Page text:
October 27th, 2012 (F1plus / James Parker).- Testing, it is a word that has gone on to become considered “illegal” in the Formula 1 world, one that if mentioned in the paddock, will hastily get you accompanied to the exit gates and with it your exclusive pass. Joking aside though, testing has gone on to become an evil word in the cost cutting conscious world of Formula 1.
It is this current perception F1 has on solutions to keep the sport sustainable, which has seen in season testing become the first of a few major casualties in allowing Formula 1 to stay relevant to the current economic climate. Now while in the short term this has seen costs reduced dramatically for private teams that have become overly reliant on sponsorship in the current economic meltdown, there is clear evidence that, in the long term, the future does not look so rosy for Formula 1.
Throughout this 2012 season, two relative “rookies” of the sport, Pastor Maldonado and Romain Grosjean, have all but dominated the headlines for all the wrong reasons out on track. They are considered the “bad boys” of Formula 1, creating unnecessary incidents and getting into more trouble between themselves than most of the grid combined. The most prolific of these incidents happening in Valencia, with Maldonado slamming into the side of McLaren driver Lewis Hamilton, whilst Romain Grosjean was handed the first race ban in 18 years for causing that horrifying incident at La Source during the Belgian Grand Prix.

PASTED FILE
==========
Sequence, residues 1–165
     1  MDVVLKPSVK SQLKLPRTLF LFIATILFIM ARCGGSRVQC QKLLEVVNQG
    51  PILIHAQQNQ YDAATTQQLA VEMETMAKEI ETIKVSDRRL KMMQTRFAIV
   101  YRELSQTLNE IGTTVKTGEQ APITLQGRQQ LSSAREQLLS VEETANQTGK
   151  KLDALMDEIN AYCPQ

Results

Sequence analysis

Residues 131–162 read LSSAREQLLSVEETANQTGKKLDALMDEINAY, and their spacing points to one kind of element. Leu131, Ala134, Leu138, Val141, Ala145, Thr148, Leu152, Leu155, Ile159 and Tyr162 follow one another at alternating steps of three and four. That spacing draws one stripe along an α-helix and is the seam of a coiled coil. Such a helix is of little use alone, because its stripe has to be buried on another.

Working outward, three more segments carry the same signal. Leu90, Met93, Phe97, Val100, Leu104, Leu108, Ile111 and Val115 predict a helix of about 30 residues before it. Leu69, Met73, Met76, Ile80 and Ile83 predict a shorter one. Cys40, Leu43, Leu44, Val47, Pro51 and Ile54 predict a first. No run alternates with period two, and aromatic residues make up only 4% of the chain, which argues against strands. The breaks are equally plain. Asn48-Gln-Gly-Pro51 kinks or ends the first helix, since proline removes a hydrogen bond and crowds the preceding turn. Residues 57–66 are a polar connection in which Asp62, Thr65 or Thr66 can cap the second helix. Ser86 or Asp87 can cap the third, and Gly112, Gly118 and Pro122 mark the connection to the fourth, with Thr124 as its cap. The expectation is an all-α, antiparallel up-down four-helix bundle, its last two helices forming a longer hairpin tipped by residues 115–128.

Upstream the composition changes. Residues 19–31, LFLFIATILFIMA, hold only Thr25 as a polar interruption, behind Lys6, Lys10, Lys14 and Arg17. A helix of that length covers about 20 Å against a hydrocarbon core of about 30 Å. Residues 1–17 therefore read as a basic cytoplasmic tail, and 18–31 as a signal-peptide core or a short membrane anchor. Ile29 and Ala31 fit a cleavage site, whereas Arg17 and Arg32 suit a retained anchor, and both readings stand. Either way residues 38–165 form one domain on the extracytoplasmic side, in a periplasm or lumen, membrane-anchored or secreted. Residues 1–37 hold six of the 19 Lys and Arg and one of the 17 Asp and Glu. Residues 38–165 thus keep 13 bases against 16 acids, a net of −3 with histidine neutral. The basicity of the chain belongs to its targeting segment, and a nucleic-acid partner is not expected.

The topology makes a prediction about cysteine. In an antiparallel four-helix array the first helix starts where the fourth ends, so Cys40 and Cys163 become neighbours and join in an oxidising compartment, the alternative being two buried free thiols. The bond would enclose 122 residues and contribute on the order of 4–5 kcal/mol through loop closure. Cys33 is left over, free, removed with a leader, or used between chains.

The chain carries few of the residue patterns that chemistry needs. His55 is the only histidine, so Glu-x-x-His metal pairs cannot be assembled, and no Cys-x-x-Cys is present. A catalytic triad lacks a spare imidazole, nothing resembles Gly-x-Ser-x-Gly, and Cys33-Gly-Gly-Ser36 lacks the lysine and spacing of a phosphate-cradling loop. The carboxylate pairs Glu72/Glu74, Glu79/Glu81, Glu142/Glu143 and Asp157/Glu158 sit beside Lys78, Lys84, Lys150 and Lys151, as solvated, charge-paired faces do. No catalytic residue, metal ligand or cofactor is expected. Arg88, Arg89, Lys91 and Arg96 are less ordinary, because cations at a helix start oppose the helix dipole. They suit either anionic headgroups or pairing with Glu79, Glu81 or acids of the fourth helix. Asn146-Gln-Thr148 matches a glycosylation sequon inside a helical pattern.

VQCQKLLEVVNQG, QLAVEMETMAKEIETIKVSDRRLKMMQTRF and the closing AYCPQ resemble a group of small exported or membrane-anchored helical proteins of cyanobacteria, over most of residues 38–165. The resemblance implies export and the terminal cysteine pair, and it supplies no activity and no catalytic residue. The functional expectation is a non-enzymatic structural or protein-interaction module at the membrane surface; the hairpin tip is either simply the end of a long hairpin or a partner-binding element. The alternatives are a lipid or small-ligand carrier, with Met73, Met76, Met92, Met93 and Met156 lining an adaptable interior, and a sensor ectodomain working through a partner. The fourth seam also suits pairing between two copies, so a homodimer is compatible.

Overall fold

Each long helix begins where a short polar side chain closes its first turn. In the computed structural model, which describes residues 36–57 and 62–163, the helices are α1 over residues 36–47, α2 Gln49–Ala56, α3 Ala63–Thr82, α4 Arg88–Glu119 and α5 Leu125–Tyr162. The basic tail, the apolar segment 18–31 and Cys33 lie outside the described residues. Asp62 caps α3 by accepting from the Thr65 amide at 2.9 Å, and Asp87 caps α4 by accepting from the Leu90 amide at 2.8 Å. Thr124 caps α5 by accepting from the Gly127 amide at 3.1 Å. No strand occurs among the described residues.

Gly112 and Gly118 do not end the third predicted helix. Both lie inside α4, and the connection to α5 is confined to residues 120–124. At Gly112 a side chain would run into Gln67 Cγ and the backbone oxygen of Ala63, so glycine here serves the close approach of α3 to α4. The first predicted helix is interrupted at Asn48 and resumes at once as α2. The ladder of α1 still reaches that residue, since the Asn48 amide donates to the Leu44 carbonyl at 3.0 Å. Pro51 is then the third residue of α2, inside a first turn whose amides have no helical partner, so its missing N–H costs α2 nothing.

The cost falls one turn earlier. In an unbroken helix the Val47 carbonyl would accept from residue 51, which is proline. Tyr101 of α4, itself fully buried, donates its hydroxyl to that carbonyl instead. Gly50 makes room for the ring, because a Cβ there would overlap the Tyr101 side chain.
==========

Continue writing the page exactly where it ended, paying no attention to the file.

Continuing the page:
So how can these incidents be connected to a testing ban? I can hear you all asking right now.
Well of course sometimes actions are completely indefensible, both drivers have made errors of judgement that can fall exactly into that category, but this subject stretches far beyond the reaches of this season and both drivers in question, it is a problem that I feel has been brought to our attention through the incidents this season and will only get worse as time passes.
For Formula 1 to constantly evolve into new generations of drivers, there of course will inevitably be rookies of the sport, as with any sport in this world. But in Formula 1 the ladder to the pinnacle of Motorsport has started to get more and more clouded, the perfect route unclear, and the consequences of that is a lack of genuine talent being allowed to showcase their abilities.
Jules Bianchi tested for Ferrari at Magny-Cours.
Now in the past every established driver on the grid was a rookie at somepoint in their career. Michael Schumacher, Fernando Alonso, Lewis Hamilton, Mark Webber and Sebastian Vettel all entered the sport amongst established stars themselves, however there is one crucial difference separating them from the current youngsters, that being testing experience.